1.  Go for the safest and easiest route,  you have most probably more experience in individual installs,  but the other way is also OK.  For individual installs it can be better to copy nevertheless the CD to C:\Clientapps, to make subsequent modifications, without the constant need of a CD,  of the office configuration more easy. (Keeping C:\Clientapps out of the backup is also a good idea)

2. You can install office on the server,  as an administrative install this is not copying the CD but by doing an office setup with the /a option (initiated on command line level,  not the GUI).  Why, because the best way to work is to do an install with all the Service Packs already present.  A SP is then installed one time,  on the administrative install,  and not after each install or modification.  But doing that is guru stuff.
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by:stevendawson
ID: 16755500
Hi again,

I don't want to appear rude but I am not sure you really answered my question, yes of course you are correct I have installed office hundreds of times on PC's but is that the best route that I should take in the future every time I set up SBS 2003 and have nice shiny new PC's on the network? (remember I am trying to learn best practice)

The way I figured it might work is that if office was on the server then autoupdate would download once and rollout to the network automatically?

You also said I can copy the whole CD of office to \clientapps but should the folder into which office is then placed have a specific foldername?

As for Q2 you seem to offer an option and then remove it by saying "But doing that is guru stuff." so should I ignore that as an option? I'm not sure I really followed it anyway.

Thanks

Steve
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by:Zadkin
ID: 16755799
To learn,  see http://www.petri.co.il/office_system_2003_sp_slipstreaming.htm
but use rather C:\clientapps\Office2003 than   D:\Office2003
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Jeffrey Kane - TechSoEasy earned 600 total points
ID: 16756569
You are mixing up two different issues. One of them is joining a computer to your domain, the other is installing Office.  While these can be done together, it's best to not mix up the issues.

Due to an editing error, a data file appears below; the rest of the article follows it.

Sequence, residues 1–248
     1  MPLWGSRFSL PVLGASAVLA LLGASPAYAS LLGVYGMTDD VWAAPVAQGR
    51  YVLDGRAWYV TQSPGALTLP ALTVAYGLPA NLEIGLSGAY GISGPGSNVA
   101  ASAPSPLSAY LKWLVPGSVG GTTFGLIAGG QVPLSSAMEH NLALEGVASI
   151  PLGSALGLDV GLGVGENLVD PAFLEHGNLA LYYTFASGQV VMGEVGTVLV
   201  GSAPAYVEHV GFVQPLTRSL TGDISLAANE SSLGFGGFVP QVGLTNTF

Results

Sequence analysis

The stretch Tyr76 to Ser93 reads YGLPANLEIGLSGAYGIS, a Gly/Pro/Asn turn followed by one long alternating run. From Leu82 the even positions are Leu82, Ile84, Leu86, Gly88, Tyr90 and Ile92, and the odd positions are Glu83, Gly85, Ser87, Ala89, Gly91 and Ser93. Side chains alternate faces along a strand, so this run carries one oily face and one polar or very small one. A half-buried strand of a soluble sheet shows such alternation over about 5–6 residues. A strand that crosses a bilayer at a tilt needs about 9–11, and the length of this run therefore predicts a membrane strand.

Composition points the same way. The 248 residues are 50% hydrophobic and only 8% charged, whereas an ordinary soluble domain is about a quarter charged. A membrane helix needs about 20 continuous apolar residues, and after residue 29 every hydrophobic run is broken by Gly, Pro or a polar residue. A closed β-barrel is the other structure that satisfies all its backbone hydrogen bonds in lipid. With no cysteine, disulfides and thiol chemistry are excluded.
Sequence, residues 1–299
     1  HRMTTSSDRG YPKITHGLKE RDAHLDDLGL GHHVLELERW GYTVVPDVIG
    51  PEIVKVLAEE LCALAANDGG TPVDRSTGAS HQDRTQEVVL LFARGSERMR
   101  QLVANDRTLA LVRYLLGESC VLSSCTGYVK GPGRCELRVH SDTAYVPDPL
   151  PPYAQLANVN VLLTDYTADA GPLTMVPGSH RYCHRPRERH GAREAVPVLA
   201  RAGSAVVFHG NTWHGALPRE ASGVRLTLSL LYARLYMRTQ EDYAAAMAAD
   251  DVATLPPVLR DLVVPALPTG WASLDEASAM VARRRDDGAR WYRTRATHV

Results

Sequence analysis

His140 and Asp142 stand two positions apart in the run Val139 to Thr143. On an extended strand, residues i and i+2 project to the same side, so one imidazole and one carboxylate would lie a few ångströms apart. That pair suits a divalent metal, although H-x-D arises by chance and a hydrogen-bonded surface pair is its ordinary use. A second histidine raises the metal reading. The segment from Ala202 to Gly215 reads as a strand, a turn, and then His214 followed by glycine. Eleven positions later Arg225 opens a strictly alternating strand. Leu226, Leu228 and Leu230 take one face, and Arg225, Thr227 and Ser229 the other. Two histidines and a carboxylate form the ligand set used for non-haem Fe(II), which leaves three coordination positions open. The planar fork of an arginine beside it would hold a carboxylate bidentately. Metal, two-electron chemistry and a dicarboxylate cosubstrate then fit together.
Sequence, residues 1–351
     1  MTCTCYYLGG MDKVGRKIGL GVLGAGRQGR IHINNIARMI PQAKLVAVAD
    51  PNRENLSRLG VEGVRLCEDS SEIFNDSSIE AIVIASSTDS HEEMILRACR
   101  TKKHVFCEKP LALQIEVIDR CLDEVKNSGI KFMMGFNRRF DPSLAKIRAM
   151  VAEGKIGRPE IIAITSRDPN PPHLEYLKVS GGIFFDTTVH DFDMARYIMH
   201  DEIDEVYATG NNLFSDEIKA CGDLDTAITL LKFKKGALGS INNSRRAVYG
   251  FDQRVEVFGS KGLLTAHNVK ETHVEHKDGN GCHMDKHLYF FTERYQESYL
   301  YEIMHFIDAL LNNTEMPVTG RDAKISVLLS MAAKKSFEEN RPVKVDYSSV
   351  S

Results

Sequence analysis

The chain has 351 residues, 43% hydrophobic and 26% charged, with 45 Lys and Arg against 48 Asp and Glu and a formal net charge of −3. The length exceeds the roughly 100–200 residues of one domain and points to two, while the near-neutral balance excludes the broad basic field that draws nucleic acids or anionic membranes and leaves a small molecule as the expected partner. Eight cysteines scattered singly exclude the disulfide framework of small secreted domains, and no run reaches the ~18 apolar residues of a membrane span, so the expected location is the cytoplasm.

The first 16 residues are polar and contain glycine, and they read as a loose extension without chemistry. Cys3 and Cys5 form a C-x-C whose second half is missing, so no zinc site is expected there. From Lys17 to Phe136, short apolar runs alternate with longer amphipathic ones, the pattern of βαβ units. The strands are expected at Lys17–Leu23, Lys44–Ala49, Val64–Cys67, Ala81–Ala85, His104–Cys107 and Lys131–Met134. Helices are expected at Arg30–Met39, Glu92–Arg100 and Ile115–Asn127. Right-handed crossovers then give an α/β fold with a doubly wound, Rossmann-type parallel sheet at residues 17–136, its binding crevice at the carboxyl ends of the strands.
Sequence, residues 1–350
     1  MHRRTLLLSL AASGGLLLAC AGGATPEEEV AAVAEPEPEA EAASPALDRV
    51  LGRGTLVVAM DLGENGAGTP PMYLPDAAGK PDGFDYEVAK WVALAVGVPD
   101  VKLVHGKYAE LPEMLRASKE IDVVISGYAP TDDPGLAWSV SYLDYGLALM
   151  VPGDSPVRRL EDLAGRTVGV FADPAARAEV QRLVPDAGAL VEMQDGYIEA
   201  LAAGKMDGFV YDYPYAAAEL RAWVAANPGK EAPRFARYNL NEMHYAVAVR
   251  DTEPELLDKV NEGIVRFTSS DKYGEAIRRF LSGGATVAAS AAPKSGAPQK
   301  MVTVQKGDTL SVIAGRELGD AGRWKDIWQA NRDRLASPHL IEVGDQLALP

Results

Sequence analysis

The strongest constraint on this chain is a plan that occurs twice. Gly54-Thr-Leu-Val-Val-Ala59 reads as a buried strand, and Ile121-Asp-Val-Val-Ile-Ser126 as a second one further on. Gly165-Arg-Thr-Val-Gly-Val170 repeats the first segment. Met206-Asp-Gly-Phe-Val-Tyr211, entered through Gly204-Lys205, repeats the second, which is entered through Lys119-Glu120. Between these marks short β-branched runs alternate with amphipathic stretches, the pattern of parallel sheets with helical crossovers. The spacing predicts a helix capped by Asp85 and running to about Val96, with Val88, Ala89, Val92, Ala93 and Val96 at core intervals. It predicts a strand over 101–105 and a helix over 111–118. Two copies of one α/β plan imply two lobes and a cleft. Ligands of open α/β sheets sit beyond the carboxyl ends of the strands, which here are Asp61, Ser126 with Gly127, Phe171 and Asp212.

Joining the computer to the domain:  There is ONLY ONE WAY to do this and that's through the connectcomputer wizard.  (See http://sbsurl.com/connectcomputer to see what all gets done with this tool).

If you haven't already installed Office on your workstations, Connectcomputer will automatically install Outlook 2003.  I suggest that you install Office first, because when SBS installs Outlook separately it puts it in C:\Program Files\Microsoft Outlook instead of C:\Program Files\Microsoft Office .. and then when you install Office, it doesn't see Outlook and installs Outlook again, separately.  (kinda silly... but that's what happens).

If you don't have more than 15 workstations, then it's probably easier to just install Office manually on each machine.  There is no real long term benefit from doing an administrative install.  However, I do suggest that you consider deploying Windows Software Update Services (WSUS) if you want to be sure to keep everything up to date.  SBS will always deploy Office Service Packs... but not the interim updates.

WSUS how-to:  http://sbsurl.com/wsus

Jeff
TechSoEasy
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by:Jeffrey Kane - TechSoEasy
ID: 16756571
P. S.  This is also a good article on how to add a PC to an SBS domain:  http://sbsurl.com/add

Jeff
TechSoEasy
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by:stevendawson
ID: 16759458
Hi Jeff,

Thanks for your help and those articles were a big help. All installed exactly as you described but I do have one small question which is just clarification of an observation really.

On the SBS 2003 server I added a user as a mobile user then I ran the /connectcomputer and I allowed SBS to rename the local PC and all is fine. What I noticed though is that in the local PC - Users - that user is in the group "Debugger User" is that correct?

I increased the points for the extra question.

Thanks

Steve
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by:Jeffrey Kane - TechSoEasy
ID: 16765705
No, it's not correct and I haven't found out why that happens yet.  It has something to do with MSDE or SQL I think, but it is a problem that needs to be corrected manually.  (It happens to me all the time but I've yet to figure out the consistency).

If you remove the user from the DeBugger Group and put him in the Local Administrators group, he'll end up back in the DeBugger if you don't delete that group... I've found no reason to keep the group so go ahead and delete it after moving the user to the local admins.

Jeff
TechSoEasy